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What is Scavenging in Cyber Security?
Scavenging in cyber security is the process of sifting through a system's data residue in search of sensitive or confidential information. Data scavenging is usually the first stage in any purposeful network assault. To discover as much as possible about a target firm, the attacker employs a combination of network-based tools and Internet search engine searches.
Scavenging occurs when top-level hackers dump stolen credentials from a database compromise into a temporary public document for others to utilize. Once they have your information, the hackers try your password on well-known services like PayPal.
Why is it Difficult to Detect a Scavenging Attack?
For two key reasons, the assault is nearly hard to detect −
If the attacker uses network utilities like Ping or Traceroute, then the volume of data is so low that identifying the attacker is difficult.
Information obtained through Whois, Nslookup, or Internet search engines is often public and accessible to anybody.
The information obtained by the attacker is frequently obtained from servers other than the victim's servers (as is the case with Whois queries). Using an Internet search engine may provide a wealth of useful information.
Following a successful data-scavenging attack, the attacker may have gained access to the following information about the target network −
Critical system IP addresses (WWW, DNS, mail)
The victim's designated IP ranges
The victim's Internet service provider (ISP)
Scavenging entails looking through garbage copies of computer listings and multi-part stationery carbon sheets. Some software programs create temporary data files that are only overwritten when the procedure is executed again. Due to the fact that such files are routinely rewritten, they may not be fully guarded by standard security protocols and may be copied by unauthorized users for further information searches. Such leftover data may expose vital information when the unauthorized user does more severe searches.
Scavenging has a significant impact on secrecy.
Scavenging is the process of obtaining sensitive data by looking at item residuals (or leftover data).
Looking for leftover data in a computer, computer tapes, or discs after a job has been completed might endanger that data.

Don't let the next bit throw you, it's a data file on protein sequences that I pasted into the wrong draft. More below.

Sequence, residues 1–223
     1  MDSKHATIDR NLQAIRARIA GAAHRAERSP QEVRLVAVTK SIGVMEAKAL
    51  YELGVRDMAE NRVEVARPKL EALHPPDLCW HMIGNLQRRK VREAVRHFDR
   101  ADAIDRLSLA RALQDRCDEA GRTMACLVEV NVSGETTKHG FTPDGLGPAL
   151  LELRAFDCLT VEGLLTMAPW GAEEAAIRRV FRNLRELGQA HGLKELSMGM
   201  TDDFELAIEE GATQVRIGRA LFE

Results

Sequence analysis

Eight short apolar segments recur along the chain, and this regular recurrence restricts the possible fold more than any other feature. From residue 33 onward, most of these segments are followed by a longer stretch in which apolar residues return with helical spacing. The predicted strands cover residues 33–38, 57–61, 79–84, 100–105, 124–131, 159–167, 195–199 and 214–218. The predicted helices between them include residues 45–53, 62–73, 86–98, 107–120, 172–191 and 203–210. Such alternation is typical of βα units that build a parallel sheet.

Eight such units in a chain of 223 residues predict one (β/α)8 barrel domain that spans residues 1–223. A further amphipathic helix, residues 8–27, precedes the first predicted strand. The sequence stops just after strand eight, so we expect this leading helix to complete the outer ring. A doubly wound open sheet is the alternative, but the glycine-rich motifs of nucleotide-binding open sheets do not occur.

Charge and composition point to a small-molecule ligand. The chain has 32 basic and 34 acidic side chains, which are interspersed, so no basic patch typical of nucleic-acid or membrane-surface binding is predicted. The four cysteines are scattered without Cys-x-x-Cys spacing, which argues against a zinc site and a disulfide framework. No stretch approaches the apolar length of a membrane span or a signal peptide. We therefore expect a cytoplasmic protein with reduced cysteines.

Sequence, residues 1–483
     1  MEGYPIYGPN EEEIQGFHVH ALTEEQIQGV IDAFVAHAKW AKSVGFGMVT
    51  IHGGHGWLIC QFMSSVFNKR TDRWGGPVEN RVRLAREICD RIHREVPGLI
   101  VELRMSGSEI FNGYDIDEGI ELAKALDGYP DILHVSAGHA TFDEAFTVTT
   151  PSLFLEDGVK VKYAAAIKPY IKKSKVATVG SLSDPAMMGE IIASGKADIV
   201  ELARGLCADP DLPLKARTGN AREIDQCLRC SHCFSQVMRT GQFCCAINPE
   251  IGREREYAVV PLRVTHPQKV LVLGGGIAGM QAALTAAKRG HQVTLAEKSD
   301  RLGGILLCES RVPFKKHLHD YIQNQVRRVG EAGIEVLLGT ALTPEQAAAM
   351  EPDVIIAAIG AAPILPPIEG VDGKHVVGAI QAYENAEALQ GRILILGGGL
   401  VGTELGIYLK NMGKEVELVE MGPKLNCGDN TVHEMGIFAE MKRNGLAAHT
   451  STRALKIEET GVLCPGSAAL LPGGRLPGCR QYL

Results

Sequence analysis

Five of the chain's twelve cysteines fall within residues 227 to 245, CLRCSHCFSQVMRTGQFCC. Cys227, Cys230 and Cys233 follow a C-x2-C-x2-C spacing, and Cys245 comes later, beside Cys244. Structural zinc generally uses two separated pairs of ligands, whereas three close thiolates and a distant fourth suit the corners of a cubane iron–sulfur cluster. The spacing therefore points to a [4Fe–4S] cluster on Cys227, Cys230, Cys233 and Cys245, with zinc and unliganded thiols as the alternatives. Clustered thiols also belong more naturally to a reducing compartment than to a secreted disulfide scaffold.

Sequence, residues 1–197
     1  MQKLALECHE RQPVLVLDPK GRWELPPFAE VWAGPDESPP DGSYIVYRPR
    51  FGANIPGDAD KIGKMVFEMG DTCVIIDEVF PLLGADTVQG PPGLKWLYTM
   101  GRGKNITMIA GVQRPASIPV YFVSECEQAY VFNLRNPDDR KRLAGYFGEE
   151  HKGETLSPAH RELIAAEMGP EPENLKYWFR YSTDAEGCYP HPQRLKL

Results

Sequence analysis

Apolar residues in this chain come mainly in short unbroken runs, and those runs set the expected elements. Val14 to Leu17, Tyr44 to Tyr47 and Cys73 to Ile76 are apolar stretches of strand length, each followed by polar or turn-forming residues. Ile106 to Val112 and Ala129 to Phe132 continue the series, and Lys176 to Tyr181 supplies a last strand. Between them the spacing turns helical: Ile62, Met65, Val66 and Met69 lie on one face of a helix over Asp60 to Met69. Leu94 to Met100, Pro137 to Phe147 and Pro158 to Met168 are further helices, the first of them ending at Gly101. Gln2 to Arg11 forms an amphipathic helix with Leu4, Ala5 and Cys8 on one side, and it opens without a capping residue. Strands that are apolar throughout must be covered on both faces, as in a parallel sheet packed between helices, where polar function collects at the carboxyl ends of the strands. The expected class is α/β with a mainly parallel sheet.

Examining abandoned or stolen media might lead to the discovery of sensitive information.
Data Scavenging in Cloud Computing
Cloud computing is a type of Internet-based technology. Many computing processes such as data transit and storage are carried out in the cloud. There are data scavenging risks linked to data being stored and processed remotely, allowing unwanted users/attackers to retrieve data that cannot be erased or discarded. Data scavenging is the process of putting together the information contained in fragments of data.
An attacker can retrieve data because it can't be fully erased. There are two types of data scavenging attacks −
Keyboard assaults − These are attacks that make use of resources that are available to regular system users who are seated at the keyboard.
Laboratory attack − These attacks are planned and coordinated and are carried out using precision electronic equipment.
If data is not completely destroyed or deleted, attackers can retrieve/recover it and use it to execute laboratory and keyboard assaults.
A virtual host system manages several virtual machines and assigns resources to each of them. The default resource allocation settings provide all virtual machines connected to the same host an equal proportion of CPU, memory, and disc space. As a result of these factors,the security of each virtual machine may suffer. Virtual machines can share resources. Data scavenging was done prior to such an exchange and isn't always carried out entirely. Assailants recover data in order to launch attacks. Information about other virtual machines. A rogue virtual machine can derive information about shared resources without compromising the hypervisor.
There are concerns that a virtual machine hypervisor might be compromised, making the virtual machine a prime target. When two virtual machines interact via covert channels, the security module and its defined rules for virtual machine monitoring can be evaded. Through a rogue virtual machine that can examine its shared resources without being notified by its virtual machine monitor, attackers can deduce information about other virtual machines.
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